Following the decision to leave the EU, the UK needs to reconfigure its trade policy, successfully navigating a path through a new international trade landscape. The UK Trade Policy Observatory aims to ensure that new trade policies are constructed in a manner that benefits all.
For over four decades, the EU has handled most elements of international trade policy on Britain’s behalf. Brexit changes all that and there is now an urgent need to debate and define the UK’s place in the international trading system and then to negotiate it with our partners. This requires expert analysis, commentary and inputs from people experienced in trade policy formation and practice.
The UK Trade Policy observatory (UKTPO), a partnership between the University of Sussex and Chatham House, is an independent expert group that:
1) Initiates, comments on and analyses trade policy proposals for the UK;
2) Trains British policy makers, negotiators and other interested parties through tailored training packages.
Created in June 2016, the UKTPO is committed to engaging with a wide variety of stakeholders to ensure that the UK’s international trading environment is reconstructed in a manner that benefits all in Britain and is fair to Britain, the EU and the world.
Charlotte Humma November 25th, 2016
Share this article: 7 February 2017 Dr Emily Lydgate is a lecturer in Law at the University of Sussex and a fellow of the UK Trade Policy Observatory. While the UK government White Paper on leaving the EU may be light on detail, it does suggest that securing UK environmental protections is near the bottom of its list of priorities, with a scant dedicated paragraph (8.41). Compare this with its complete section on worker’s rights; or compare to the country of Wales, which includes maintaining social and environmental standards as one of six Brexit priorities.
Tina Perrett February 7th, 2017
Share this article: 2 February 2017 Dr Michael Gasiorek, senior Lecturer in Economics, Managing Director of InterAnalysis, and member of UKTPO responds to the United Kingdom’s exit from and new partnership with the European Union White Paper. My top line response to the White Paper is that it is full of wishes and hopes, but there is very little specific detail in there. No doubt this is in part because the government would argue that it does not want to give too much away so as to strengthen their hand in the negotiations, but also because some of the problems are somewhat intractable, (eg. CTA and Ireland) and finally, because the government probably does not yet know itself. Specifically, on trade, there really is almost nothing new in the White Paper. One can exegetically examine the wording to see if there are any new insights but these are hard to… Read More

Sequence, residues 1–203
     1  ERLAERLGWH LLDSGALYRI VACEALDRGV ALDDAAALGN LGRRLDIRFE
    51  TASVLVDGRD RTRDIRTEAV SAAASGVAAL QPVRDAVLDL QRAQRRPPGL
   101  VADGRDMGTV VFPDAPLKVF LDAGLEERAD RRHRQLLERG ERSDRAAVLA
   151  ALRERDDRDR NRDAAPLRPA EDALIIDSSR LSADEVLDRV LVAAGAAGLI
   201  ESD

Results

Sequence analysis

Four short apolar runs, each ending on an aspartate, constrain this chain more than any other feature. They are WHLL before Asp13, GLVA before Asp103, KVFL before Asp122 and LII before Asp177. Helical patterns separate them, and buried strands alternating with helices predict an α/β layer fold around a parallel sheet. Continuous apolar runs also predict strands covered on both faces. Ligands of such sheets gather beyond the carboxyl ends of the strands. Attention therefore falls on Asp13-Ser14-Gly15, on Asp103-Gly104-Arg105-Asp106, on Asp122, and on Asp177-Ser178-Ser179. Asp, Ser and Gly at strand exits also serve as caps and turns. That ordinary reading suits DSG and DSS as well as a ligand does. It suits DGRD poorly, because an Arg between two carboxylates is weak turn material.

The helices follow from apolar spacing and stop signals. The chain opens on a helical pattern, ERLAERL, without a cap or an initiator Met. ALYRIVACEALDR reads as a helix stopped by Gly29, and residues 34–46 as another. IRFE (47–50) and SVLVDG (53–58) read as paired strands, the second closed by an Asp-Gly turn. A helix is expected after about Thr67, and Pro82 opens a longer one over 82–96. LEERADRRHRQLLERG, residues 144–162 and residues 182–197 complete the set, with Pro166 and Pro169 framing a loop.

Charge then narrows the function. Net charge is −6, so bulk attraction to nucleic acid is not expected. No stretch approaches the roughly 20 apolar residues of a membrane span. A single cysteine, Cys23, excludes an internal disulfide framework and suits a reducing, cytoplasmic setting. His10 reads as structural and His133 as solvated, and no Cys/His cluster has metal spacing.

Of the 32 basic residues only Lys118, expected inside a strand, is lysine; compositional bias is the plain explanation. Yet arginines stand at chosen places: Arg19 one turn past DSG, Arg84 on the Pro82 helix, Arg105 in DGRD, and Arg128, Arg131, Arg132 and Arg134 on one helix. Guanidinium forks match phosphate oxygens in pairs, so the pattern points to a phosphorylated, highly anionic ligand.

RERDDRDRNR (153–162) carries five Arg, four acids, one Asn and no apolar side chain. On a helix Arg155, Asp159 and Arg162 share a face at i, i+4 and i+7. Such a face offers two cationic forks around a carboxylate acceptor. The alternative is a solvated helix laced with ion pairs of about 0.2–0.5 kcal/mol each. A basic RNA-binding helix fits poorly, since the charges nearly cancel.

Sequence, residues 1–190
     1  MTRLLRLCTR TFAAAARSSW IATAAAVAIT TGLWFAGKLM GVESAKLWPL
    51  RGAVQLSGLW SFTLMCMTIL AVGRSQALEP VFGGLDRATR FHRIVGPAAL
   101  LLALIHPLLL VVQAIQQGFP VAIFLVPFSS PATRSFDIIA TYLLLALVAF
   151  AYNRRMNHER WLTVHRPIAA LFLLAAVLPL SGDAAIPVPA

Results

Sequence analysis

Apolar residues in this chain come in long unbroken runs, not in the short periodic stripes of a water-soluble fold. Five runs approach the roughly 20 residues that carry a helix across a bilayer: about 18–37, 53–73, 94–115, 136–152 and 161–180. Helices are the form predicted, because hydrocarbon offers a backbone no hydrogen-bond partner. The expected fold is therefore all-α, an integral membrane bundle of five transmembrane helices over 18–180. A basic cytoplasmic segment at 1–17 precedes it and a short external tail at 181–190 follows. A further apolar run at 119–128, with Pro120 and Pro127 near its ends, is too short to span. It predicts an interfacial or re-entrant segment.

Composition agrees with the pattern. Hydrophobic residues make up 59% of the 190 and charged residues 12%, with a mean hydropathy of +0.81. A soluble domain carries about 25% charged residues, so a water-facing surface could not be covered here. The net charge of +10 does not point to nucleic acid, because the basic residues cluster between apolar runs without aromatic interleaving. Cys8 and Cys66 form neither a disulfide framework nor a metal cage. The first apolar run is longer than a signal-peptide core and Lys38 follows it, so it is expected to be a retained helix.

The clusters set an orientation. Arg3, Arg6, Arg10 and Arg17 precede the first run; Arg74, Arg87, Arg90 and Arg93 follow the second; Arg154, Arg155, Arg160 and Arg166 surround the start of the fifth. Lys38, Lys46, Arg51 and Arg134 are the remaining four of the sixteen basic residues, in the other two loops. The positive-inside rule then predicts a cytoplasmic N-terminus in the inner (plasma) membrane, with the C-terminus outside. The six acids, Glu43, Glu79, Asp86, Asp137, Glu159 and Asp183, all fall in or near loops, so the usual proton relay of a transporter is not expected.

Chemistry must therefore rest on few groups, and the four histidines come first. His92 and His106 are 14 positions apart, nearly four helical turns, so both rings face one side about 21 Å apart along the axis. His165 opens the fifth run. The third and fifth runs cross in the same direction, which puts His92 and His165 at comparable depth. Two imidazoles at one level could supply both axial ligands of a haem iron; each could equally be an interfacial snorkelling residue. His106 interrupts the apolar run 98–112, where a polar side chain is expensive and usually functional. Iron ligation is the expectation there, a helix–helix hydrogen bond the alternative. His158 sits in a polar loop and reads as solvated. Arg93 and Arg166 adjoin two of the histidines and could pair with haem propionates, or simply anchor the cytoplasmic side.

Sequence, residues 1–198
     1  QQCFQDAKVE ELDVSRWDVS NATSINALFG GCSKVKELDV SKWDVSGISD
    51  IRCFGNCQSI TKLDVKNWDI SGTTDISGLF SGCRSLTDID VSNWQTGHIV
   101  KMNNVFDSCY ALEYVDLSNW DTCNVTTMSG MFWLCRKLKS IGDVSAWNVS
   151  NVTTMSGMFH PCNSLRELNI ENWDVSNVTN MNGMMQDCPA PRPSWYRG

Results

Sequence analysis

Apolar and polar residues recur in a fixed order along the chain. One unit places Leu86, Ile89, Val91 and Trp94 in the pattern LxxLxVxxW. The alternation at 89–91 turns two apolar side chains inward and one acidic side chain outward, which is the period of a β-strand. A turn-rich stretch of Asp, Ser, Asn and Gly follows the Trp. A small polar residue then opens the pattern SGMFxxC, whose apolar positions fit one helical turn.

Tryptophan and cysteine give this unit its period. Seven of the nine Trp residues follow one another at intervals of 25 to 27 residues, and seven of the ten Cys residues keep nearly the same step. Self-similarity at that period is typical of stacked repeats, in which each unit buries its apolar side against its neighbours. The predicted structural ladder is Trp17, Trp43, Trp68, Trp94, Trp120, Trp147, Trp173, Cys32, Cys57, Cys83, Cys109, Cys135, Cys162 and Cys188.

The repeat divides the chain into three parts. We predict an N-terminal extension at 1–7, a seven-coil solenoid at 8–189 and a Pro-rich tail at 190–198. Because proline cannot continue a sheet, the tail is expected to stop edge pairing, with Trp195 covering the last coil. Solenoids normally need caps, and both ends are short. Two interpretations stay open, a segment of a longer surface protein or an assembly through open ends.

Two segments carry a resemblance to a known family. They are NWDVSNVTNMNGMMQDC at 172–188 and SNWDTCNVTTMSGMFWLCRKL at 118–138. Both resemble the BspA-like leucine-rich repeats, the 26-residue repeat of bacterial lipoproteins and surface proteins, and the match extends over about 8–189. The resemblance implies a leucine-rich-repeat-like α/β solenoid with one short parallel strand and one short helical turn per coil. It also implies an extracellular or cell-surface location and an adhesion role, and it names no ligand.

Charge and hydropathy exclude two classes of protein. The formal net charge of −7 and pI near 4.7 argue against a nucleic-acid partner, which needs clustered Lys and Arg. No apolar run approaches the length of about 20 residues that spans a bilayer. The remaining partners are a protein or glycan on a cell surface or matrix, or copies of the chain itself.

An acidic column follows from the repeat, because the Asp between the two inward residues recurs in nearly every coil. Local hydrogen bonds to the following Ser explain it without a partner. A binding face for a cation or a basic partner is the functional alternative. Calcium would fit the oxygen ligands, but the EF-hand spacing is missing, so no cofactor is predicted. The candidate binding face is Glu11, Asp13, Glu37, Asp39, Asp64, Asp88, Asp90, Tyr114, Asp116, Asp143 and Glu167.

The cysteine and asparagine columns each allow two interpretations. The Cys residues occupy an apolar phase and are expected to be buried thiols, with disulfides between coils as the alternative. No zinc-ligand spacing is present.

Charlotte Humma February 2nd, 2017
Posted In: UK- EU
Share this article: 26 January 2017 Erika Szyszczak is a Professor of Law at the University of Sussex, Barrister and ADR Mediator at Littleton Chambers, Temple and a Fellow of theUKTPO. It is a monumental decision for a Member State to leave the European Union, not least when it will have a major impact on the economic, political and social future, not only of the exiting Member State, but also of the global trading regime. It is thus befitting that on 24 January 2017 the Supreme Court came of age by delivering one of its most important rulings, on the nature and future shape of the UK constitution. What started as a case concerning acquired rights became a wider ranging analysis of the role of the executive vis-a-vis Parliament. As befits a monumental constitutional decision, taking place in the digital age, the responses to the ruling have been prolific and focused… Read More
Charlotte Humma January 26th, 2017
Posted In: UK- EU